Trump flirts with flashy military parade long eschewed by US

WASHINGTON (AP) — For generations, as America’s authoritarian rivals strutted their tanks, troops and jets through main thoroughfares in dramatic displays of strength, the United States watched from afar, but did not emulate.

Widely accepted as the world’s mightiest, the U.S. military has no tradition of putting itself on parade like in Russia, North Korea or China. But President Donald Trump does not often stand on tradition. So Trump’s directive to the Pentagon to draft options for a massive march reverberated across Washington on Wednesday like the thud of a discharged cannon, as lawmakers and military leaders mused about the cost, the risk and the purpose.

“People will wonder, ‘Well, what are they afraid of now? What are they trying to prove?'” Del. Eleanor Holmes Norton, who represents the District of Columbia in Congress, said in an interview. “We don’t have to show off to make a point.”

It was a critique voiced by both Democrats and Republicans the day after The Washington Post revealed Trump wants an elaborate parade this year to rival the Bastille Day celebration in Paris that made a distinct impression on him in July. Democratic Sen. Dick Durbin called it a “fantastic waste of money,” while Republican Sen. Lindsey Graham told CNN that the parade risked being “kind of cheesy and a sign of weakness” if it’s just about showing off military muscle.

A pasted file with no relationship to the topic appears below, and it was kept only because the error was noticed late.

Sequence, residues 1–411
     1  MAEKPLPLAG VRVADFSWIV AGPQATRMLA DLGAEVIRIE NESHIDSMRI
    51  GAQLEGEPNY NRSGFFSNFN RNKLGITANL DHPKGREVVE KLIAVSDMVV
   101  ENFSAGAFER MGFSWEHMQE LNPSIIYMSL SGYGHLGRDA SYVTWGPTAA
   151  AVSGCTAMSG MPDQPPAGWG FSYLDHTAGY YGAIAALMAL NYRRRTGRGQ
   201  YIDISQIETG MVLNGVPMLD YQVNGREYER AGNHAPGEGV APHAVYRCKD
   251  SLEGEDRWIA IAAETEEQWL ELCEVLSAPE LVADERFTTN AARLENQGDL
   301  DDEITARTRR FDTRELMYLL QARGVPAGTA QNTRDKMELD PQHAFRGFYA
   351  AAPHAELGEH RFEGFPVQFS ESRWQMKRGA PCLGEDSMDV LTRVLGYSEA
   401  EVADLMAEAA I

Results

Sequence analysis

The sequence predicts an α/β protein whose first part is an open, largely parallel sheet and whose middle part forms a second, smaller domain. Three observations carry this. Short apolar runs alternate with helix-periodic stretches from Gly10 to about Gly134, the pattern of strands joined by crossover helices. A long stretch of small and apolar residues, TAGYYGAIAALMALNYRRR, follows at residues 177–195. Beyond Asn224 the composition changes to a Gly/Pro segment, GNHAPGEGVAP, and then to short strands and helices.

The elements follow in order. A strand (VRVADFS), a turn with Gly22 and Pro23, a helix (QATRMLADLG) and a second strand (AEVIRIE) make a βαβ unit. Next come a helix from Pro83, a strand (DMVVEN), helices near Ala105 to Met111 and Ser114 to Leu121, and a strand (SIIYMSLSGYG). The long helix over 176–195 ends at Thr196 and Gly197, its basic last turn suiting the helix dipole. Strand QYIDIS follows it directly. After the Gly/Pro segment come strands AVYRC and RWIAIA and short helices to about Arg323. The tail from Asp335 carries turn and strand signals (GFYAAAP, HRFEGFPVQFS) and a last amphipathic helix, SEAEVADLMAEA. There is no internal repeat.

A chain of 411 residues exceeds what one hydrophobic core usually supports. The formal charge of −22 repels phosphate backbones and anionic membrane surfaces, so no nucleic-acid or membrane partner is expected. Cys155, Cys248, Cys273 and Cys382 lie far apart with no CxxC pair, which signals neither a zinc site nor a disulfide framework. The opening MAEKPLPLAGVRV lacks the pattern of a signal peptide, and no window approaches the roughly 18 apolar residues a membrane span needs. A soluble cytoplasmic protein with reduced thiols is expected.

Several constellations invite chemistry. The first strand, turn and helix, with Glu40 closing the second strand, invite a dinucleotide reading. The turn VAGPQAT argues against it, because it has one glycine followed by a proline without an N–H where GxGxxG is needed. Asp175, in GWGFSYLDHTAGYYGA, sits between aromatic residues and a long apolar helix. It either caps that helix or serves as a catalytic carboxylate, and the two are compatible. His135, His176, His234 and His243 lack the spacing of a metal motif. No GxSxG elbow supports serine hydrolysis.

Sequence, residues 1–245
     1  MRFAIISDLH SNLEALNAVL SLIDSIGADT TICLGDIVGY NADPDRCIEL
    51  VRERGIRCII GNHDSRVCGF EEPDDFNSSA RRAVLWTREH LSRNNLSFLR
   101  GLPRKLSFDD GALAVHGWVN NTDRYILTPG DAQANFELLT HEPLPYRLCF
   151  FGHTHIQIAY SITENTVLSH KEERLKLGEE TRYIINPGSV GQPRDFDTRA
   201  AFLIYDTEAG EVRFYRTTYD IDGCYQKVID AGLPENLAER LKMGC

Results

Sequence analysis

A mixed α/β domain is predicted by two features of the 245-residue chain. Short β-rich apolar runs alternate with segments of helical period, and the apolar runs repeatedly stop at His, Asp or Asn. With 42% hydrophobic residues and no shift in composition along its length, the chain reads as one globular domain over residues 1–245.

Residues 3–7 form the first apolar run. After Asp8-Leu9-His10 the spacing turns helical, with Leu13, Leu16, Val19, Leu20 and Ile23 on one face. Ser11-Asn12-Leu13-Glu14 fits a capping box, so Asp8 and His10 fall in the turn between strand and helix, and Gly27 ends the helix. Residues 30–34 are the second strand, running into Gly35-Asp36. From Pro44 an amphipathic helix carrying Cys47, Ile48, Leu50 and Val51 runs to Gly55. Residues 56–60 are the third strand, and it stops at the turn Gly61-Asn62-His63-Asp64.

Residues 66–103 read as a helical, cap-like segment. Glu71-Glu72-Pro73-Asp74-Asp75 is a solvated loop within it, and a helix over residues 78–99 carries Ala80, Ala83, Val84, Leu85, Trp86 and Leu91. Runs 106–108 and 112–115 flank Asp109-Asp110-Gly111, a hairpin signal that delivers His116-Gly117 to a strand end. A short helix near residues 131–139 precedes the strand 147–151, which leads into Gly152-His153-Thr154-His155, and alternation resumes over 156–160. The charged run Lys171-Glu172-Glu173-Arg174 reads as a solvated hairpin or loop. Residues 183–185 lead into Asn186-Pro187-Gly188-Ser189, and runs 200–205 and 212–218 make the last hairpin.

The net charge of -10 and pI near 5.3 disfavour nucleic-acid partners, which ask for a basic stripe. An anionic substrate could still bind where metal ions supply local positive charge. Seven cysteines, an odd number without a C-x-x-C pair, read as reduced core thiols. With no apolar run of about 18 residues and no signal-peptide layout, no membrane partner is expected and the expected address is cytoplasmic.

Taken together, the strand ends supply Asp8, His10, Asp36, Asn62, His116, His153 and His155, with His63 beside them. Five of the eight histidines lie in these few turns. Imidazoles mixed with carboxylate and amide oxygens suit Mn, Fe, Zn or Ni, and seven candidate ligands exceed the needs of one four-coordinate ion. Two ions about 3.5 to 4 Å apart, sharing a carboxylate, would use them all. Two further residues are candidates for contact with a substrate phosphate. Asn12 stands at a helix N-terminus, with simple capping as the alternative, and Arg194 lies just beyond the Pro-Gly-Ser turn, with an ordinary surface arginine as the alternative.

The president did not seem deterred, although his aides rushed to downplay the notion that it was anything beyond an idea Trump had floated “in a brainstorming session” to help Americans express gratitude and pride for the military. White House spokeswoman Sarah Huckabee Sanders said there had been no final decision. And Trump’s legislative director said it was too early to even guess about potential costs, though it’s assumed it would cost millions.

“We’ve been putting together some options. We’ll send them up to the White House for a decision,” said Defense Secretary Jim Mattis as reporters peppered him with questions at the White House. “The president’s respect, his fondness for the military I think is reflected in him asking for these options.”

In the nation’s capital, officials were scrambling to identify potential implications for such a parade, such as whether D.C. streets could even accommodate heavyweight tanks and other equipment. On its official Twitter account, Washington’s city council openly trolled the commander in chief, declaring that despite wintery weather, “DC Public Schools will open on time today. Sadly, the Giant Tank Parade is canceled. Permanently.”